A study shows that about one in four mobile apps are used exactly once when downloaded. Aside from downloader disappointment after the first use, it likely also signifies that free apps are easy to forget.
This study is well-timed for any 2012 campaigns that are paying attention. Several Republican primary challengers will probably join the President in having branded campaign apps, and success or failure of those apps will be measured by raw download figures. That won’t help anyone get elected, though.
As campaigns begin their planning stages, they would be smart to think about which supporters would download an app and use it multiple times. This is a group who, in the past, I’ve called the “App Class” – high-level volunteers and grassroots activists, rather than most voters. Any significant mental and financial resources that go into app building should be allocated trying to figure out how to make these folks more effective. And instead of determining success based on how many times an app is downloaded, campaigns should look at the metrics that result in votes – in other words, how many phone calls were made through the app, or how many doors were knocked on using voter lists accessed through the app.
The FEC is thinking about allowing contributions via text message in a ruling expected this fall, allowing campaigns to capitalize on the same small-dollar, high-volume donation campaigns that worked so well for American Red Cross efforts in Haiti.
The potential for campaigns is fairly obvious – campaign rallies, events, and even media appearances could become fundraising opportunities. But consider the fact that few campaigns spent lots of time collecting mobile numbers in 2010. How many members of this year’s House freshman class will regret a lack of investment in mobile for the 2010 election when they begin their 2012 reelection efforts?
The Republican primary campaigns for President of the United States are – let’s face it – already underway. That means tactical discussion are coming soon – the term “tactical discussion” being defined as giddy blog posts about who is using what new toys – and that will include a discussion of mobile phone strategy.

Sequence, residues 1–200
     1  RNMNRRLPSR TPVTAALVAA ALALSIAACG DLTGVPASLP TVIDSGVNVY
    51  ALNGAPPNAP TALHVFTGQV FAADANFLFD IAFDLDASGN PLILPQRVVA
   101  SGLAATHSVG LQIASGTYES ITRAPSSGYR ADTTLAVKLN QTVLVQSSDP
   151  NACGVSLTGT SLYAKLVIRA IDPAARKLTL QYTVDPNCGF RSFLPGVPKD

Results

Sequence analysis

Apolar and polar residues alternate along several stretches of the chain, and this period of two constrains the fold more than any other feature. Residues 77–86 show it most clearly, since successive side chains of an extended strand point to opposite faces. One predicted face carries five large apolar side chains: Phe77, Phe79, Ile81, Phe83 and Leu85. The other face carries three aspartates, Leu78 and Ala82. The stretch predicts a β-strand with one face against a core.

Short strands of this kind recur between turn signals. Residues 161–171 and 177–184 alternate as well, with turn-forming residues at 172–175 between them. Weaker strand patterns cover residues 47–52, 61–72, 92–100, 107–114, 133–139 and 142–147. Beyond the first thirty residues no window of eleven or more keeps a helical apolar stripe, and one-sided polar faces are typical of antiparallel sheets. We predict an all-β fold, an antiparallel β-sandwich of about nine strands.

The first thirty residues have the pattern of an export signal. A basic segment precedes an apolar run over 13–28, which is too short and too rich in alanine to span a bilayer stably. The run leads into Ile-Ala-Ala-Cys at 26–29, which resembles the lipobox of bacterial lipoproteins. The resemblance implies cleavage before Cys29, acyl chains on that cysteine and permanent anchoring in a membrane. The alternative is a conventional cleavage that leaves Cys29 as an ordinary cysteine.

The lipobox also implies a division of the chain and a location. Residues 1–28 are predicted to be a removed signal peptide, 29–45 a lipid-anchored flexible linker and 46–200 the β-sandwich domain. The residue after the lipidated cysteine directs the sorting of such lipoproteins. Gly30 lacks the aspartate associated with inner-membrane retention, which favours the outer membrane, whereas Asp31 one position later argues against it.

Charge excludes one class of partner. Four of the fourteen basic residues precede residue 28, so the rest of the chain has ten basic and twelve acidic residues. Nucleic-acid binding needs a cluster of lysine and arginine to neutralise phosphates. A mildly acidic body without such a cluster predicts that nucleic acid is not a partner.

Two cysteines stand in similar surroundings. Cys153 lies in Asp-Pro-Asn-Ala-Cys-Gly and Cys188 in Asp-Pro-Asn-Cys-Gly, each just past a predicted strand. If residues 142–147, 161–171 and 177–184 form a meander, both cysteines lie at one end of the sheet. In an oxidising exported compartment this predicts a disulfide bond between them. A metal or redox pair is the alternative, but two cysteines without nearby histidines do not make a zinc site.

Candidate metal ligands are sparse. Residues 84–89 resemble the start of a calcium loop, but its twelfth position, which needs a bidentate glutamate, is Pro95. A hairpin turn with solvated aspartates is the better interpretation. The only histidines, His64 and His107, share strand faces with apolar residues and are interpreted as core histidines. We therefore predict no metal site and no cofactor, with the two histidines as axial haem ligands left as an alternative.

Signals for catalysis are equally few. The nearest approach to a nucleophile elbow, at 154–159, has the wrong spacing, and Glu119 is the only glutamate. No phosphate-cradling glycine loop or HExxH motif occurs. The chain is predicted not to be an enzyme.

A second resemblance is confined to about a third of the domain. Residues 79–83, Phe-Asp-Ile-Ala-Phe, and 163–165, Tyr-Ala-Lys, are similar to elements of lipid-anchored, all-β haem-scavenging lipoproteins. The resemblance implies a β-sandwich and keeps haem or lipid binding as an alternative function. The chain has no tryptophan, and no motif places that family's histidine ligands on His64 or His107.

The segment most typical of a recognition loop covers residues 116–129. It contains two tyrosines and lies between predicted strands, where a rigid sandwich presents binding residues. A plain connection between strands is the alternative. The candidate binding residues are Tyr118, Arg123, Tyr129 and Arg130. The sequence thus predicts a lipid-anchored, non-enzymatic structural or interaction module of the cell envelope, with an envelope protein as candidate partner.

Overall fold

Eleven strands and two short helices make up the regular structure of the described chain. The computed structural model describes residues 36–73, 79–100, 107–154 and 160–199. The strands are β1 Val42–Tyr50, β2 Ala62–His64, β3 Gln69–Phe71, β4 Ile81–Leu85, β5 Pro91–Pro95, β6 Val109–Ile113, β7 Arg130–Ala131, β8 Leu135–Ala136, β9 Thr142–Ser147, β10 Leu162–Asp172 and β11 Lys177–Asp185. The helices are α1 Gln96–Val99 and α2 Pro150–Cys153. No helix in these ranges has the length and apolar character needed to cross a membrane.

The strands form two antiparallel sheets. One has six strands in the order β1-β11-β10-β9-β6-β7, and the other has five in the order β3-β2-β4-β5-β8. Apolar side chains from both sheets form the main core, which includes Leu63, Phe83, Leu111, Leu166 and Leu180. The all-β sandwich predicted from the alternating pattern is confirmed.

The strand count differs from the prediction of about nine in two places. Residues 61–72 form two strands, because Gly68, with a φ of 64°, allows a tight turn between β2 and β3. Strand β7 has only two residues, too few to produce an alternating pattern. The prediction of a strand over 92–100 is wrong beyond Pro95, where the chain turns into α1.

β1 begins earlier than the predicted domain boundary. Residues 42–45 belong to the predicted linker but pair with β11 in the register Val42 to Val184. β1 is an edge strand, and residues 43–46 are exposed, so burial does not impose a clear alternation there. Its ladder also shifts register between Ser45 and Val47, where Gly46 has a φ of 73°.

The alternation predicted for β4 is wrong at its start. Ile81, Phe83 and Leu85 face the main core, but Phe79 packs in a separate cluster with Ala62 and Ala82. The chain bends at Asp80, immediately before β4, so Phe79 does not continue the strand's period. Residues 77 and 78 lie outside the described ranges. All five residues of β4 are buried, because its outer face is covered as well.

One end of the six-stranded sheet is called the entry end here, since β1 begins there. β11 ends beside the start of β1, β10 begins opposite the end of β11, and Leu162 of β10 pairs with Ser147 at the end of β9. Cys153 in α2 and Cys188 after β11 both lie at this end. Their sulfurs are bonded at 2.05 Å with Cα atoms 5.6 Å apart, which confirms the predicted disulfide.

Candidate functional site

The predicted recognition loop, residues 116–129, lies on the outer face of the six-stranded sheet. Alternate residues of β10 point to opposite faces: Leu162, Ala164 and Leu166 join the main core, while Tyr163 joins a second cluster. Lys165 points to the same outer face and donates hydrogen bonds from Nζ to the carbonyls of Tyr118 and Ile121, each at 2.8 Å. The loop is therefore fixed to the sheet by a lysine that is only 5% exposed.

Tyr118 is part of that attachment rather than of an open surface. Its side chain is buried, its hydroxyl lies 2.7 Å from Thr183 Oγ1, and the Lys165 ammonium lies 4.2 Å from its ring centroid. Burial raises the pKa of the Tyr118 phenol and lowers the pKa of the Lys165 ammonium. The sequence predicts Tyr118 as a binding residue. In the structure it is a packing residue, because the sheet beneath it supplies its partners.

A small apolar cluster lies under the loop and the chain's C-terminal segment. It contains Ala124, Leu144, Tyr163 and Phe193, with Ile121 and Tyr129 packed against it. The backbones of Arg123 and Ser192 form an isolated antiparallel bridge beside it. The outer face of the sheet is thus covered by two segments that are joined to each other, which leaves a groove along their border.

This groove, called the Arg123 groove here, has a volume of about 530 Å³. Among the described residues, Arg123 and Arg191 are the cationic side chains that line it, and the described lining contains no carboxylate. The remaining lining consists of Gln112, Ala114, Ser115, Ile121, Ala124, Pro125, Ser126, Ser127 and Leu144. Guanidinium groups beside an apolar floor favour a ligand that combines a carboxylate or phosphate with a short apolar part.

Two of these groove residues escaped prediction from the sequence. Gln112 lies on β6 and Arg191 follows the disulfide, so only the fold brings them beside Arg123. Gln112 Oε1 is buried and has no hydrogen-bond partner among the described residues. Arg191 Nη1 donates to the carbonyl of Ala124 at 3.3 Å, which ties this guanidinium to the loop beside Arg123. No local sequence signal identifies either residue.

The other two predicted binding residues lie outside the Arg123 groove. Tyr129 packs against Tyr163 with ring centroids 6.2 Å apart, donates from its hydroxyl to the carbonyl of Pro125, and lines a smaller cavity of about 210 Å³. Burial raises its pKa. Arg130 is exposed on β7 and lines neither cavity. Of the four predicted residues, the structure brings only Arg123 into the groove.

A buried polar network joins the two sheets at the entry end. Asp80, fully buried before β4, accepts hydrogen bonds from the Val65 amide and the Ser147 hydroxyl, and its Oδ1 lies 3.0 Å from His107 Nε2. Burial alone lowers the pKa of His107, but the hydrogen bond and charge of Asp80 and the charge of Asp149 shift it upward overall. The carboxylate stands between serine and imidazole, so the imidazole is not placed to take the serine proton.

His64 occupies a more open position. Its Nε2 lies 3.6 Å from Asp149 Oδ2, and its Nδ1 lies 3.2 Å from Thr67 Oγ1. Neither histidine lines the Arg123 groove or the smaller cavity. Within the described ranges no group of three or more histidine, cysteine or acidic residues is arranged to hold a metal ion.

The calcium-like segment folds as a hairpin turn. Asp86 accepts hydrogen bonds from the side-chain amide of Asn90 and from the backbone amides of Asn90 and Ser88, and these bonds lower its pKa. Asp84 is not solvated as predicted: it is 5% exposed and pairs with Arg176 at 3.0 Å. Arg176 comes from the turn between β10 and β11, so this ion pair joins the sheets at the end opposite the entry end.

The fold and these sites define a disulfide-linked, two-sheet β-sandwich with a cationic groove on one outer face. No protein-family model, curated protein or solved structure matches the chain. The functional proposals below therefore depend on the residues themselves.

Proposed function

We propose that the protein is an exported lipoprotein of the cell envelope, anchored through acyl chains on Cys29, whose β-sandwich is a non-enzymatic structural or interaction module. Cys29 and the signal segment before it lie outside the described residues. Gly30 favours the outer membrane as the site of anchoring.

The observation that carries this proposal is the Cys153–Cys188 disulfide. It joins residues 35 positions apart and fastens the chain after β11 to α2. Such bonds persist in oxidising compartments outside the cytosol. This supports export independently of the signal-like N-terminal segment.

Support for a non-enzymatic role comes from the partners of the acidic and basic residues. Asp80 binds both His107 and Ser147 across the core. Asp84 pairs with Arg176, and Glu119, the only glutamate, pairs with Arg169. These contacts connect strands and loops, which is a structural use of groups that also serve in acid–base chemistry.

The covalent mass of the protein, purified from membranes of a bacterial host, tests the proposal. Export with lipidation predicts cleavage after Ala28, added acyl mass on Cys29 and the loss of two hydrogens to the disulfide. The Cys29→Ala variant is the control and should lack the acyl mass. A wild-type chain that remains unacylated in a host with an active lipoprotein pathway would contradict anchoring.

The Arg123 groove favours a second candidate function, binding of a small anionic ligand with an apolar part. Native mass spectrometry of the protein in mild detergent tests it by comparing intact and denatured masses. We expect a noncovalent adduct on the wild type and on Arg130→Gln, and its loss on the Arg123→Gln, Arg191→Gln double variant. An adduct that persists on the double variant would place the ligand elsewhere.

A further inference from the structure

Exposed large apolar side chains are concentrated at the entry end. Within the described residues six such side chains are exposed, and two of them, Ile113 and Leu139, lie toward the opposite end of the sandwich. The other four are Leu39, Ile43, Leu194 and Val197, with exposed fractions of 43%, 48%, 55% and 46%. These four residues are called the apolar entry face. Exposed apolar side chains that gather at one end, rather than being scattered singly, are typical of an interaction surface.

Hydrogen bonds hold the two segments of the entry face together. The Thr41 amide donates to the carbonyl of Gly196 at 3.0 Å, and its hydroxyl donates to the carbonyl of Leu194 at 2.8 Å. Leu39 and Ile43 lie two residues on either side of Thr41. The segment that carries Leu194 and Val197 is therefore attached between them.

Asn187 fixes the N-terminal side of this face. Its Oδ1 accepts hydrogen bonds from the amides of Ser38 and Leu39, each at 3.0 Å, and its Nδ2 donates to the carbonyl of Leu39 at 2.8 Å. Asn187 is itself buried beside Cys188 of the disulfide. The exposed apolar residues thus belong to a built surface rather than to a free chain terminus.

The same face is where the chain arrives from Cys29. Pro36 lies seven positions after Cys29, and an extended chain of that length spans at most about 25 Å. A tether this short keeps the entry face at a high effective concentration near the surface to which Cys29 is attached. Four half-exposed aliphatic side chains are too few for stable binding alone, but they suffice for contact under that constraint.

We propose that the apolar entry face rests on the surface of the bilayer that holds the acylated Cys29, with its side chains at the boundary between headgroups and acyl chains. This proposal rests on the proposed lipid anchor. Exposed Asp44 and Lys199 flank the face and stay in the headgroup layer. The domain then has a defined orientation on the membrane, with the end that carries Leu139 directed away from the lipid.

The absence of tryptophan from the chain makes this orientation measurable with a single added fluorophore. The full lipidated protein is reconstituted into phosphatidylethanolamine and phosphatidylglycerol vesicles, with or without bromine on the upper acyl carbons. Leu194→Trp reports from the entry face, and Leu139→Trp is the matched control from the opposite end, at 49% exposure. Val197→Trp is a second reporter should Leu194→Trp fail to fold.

But in this realm, it may not be the new toys that win out, but new uses for old toys. Dumbphones – i.e., cell phones that aren’t tiny pocket computers like the Droids and the iPhones of the world – are outselling their smartphone brethren by a rate of four to one and inspiring creative, text-message based usage.
Outside of Carly Fiorina’s losing bid to unseat Senator Barbara Boxer, there were few high-profile examples of campaigns incorporating mobile technologies. And given the lack of smartphone penetration, fancy apps aren’t always as wise an investment for campaigns, which target broad sections of the electorate, as they are for institutions like think tanks, which are trying to reach media and other thought leaders.
Still, the vast majority of phones on the market are capable of text messaging – and in fact, three out of four mobile users use this feature, compare to less than one out of three who use smartphone apps. This math says that if a Presidential campaign is looking to be smart with its mobile strategy, they should think dumb.
Remember the good old days, when American politics was about a battle of ideas put to the test at the ballot box on election day? Back then, after the results were tallied, that’s when the vanquished loser would accuse the winner of fraud.
Apparently, now we have pre-emptive accusations.
Election Journal release a mobile application called iReport this week. As the small “i” suggests, it’s only available for the iPhone, but that’s of little concern. This is a messaging device.
Democrats are already starting to hint at voter fraud complaints against Republicans in close races in Chicago and Texas. The accusations are familiar, and luckily for our democratic system they tend to be untrue. But they do make it easier to overturn an election in court later on.
Election Journal – which exposed New Black Panther Party members pacing about wielding beat-down rods at voting locations in Philadelphia in 2008 – effectively counters with transparency. Their app lets the user take pictures and video of any suspicious activity, regardless of whether the offender is a Tea Party Activist or a union goon. After all, either one should be punished for committing voter fraud, right?